“[W]e must regard it as probable in the highest degree that there are countless seed-bearing meteoric stones moving about through space. If at the present instance no life existed upon this Earth, one such stone falling upon it might, by what we blindly call natural causes, lead to its becoming covered with vegetation,” Lord Kelvin asserted during a written response to critics during 1871.
Then, during the 1970s a new canine disease—canine parovovirus—suddenly erupted around the world. Although accounts now claim it took two years to travel about the globe, veterinary doctors at the time were stunned because a totally new virus suddenly appeared worldwide within a matter of days.
Some microbiologists at the time claimed the outbreak was strong proof of panspermia.
During the 1970s a new canine disease—canine parvovirus—suddenly erupted around the world. Although accounts now claim it took two years to travel about the globe, veterinary doctors at the time were stunned because a totally new virus suddenly appeared worldwide within a matter of days. Some microbiologists at the time claimed the outbreak was strong proof of panspermia.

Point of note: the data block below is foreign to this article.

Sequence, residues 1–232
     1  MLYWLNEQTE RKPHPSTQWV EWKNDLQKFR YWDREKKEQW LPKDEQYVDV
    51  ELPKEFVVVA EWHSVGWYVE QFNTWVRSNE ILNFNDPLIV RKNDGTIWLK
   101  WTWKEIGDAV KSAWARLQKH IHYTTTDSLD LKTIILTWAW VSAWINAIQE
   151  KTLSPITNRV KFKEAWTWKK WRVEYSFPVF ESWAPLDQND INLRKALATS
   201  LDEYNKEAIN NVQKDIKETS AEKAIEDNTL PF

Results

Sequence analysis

Professor Francis Crick Nobel prize-winning British molecular biologist (with colleague British chemist Leslie Orgel), suggested the possibility of directed panspermia. This started a fresh debate in 1973.
Then a breakthrough!
A group of scientists made a momentous discovery while on a 1984 U.S. government-funded exploration to search for meteors on the Antarctic ice sheet. They found a meteoric rock shot from the surface Mars by a huge impact about 15 million years ago. The meteorite sat on a shelf in a research lab for years until, during 1996, the rock labeled “ALH84001” was discovered to possess tiny fossilized structures that may well be the remains of Martian nanobacteria.